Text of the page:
Film Review – The Gambler
What’s the over/under on The Gambler being worth your time this Christmas? I guess that depends on what you’re expecting from it. Don’t be deceived by the misleading trailers promising an Ocean’s Eleven like time at the movies. Jim Bennett (Mark Wahlberg) doesn’t care about having the upper hand. In fact, he doesn’t seem to care about much of anything. Let’s call it suicide by blackjack.
The Gambler sets the bar high from the get-go with a 10 minute opening sequence in a high stakes underground casino. Bennett exchanges a glance with a cocktail waitress before settling in at his second home: the blackjack table. He throws down several thousand and wins immediately, leading us the audience to believe he’s either a card counter or wunderkind. Turns out he’s neither. He simply doesn’t give a shit. This becomes clear when, in the same scene, he doubles down and loses it all. Broke but without missing a beat, Bennett takes an inadvisable loan from L.A. kingpin Nevillle (The Wire‘s Michael Kenneth Williams). Neville seems to recognize the sheer recklessness on display but is intrigued. Whether you’ll share his intrigue depends on how you feel about self-destructive trust fund babies who want to watch the world burn. Myself? Not a fan.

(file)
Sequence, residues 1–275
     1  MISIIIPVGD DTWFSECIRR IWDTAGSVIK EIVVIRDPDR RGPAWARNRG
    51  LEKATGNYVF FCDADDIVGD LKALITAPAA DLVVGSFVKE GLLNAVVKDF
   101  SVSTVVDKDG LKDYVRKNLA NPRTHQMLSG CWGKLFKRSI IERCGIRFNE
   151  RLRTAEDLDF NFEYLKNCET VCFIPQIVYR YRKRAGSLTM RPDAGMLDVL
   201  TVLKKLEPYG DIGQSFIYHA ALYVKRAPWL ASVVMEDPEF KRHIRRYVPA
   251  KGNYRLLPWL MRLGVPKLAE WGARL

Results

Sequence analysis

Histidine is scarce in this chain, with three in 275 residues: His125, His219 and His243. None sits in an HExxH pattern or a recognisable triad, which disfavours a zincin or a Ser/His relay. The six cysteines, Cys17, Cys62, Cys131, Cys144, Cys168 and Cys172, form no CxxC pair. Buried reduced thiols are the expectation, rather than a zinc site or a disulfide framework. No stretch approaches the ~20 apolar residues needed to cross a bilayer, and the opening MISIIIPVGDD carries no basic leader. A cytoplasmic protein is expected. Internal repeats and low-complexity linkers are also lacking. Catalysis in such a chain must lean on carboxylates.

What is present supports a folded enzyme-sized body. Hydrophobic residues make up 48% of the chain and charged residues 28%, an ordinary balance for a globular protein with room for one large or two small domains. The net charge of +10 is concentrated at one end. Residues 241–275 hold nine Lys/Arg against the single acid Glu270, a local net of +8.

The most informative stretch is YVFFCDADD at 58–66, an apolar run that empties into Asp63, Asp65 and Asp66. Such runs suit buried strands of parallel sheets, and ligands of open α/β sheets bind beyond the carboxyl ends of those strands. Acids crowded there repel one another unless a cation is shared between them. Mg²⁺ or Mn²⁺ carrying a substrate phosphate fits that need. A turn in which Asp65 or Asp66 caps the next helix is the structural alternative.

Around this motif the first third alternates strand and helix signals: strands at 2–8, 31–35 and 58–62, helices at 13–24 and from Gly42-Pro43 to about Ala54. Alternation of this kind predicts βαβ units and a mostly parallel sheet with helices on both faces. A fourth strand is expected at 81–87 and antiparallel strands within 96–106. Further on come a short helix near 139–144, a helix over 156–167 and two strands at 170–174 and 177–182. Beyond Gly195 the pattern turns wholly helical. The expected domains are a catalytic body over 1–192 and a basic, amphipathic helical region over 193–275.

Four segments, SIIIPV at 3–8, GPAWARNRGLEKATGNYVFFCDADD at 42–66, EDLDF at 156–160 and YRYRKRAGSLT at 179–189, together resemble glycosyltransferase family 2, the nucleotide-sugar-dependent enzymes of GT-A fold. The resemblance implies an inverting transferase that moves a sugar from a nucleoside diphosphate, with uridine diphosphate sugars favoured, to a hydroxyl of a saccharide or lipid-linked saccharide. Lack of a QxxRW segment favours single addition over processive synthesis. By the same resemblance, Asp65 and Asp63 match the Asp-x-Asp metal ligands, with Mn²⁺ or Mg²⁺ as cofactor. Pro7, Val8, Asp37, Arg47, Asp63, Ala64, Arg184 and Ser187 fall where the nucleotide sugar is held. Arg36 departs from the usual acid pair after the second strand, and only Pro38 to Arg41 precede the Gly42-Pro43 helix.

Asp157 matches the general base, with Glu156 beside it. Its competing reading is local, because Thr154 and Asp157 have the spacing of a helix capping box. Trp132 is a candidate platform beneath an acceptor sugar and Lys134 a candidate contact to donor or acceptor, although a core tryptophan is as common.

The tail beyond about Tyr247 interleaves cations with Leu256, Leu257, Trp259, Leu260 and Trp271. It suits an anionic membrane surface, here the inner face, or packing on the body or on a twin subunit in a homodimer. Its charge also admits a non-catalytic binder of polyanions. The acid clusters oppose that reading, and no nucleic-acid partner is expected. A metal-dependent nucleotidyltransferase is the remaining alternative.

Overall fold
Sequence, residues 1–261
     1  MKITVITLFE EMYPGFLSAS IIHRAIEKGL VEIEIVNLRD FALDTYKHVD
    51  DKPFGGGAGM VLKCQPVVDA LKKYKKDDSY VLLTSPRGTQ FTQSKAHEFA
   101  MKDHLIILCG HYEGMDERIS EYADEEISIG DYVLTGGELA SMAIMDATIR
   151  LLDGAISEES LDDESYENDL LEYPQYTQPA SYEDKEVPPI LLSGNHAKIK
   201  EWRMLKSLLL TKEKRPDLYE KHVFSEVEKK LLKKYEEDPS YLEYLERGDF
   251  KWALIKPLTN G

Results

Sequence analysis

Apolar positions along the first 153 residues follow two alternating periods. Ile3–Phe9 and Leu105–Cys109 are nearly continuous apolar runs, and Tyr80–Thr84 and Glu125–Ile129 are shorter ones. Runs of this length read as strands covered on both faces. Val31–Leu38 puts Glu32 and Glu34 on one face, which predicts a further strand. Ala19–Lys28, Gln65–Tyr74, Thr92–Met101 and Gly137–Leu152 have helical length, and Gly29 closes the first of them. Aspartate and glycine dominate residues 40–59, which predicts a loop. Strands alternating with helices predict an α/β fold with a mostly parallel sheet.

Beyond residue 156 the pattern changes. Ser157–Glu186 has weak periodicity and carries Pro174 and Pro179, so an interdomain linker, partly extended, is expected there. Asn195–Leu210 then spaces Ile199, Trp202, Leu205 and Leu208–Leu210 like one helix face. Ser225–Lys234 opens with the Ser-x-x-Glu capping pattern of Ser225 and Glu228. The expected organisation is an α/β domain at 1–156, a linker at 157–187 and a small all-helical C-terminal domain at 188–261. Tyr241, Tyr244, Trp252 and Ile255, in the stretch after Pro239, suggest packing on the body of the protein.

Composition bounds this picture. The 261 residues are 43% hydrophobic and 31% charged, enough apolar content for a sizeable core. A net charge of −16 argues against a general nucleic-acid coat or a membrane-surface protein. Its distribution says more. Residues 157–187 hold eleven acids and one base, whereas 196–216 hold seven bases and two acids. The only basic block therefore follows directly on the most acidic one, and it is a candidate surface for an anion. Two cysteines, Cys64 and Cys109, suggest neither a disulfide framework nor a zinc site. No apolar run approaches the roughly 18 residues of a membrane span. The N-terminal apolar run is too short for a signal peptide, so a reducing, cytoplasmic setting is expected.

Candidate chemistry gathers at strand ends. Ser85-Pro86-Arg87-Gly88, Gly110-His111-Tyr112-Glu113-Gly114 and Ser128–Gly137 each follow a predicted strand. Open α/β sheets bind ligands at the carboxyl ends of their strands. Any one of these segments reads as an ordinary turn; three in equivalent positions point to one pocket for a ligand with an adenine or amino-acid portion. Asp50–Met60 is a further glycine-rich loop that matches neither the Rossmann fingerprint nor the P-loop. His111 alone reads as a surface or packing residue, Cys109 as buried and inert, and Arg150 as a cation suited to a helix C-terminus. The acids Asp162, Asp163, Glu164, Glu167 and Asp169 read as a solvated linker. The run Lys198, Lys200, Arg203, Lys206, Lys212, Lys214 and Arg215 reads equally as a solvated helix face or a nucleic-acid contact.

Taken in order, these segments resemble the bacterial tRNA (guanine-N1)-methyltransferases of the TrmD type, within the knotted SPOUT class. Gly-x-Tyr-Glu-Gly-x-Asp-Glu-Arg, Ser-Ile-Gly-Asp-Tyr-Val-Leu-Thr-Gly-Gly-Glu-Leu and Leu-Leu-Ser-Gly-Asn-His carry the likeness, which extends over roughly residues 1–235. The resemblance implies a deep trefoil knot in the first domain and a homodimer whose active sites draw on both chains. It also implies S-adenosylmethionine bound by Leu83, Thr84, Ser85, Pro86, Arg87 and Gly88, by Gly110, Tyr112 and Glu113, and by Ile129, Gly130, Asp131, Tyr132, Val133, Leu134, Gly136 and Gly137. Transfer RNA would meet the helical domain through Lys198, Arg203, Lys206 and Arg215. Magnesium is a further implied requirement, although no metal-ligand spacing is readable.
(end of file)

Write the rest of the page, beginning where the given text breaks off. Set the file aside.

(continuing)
A remake of a 1974 James Toback film I’ve never seen, The Gambler revels in its protagonist’s lack of sympathy. As Bennett, Mark Wahlberg gives us an admirable if squirmish rendering of a man who’s the lost ability to care. It’s impossible to tell what thrill he derives from his actions as his reactionary shots are so expressionless. The only time he seems to display any emotion at all is when he’s moonlighting by day as a college professor and demeaning his students publicly.
Directed by Rupert Wyatt (Rise of the Planet of the Apes) and written by William Monahan (The Departed), The Gambler fancies itself a commentary on the privileged. Bennett has never had to worry about money and therefore has no respect for it. An especially infuriating scene sees his well-to-do mother (Jessica Lange) coming through in a pinch to lend him the exact amount he needs only to smash cut to him carelessly squandering it. Even the threat of lumbering loan shark Frank (a brilliant John Goodman) fails in getting Bennett to break a sweat. The only flicker of emotion we’re witness to at all is when the life of his love interest is threatened.
Oh yeah, the love interest. Brie Larson, so so good in last year’s Short Term 12, plays the ever-smitten Amy, a gawky but sexy-on-the-inside student of Bennett’s. Larson is a true talent and it’s sad to see that talent so utterly wasted here. Her only motivation is to appease and it’s kind of despicable.
The true saving grace here is Goodman. As Frank, Goodman exudes an intimidating presence so effective it will leave you shifting in your seat. Sadly, he’s only in a handful of scenes. But boy, what scenes they are. More of this and less of Wahlberg spouting pseudo hippie bullshit while endangering the lives of those around him and we might have something here. Somebody call my agent.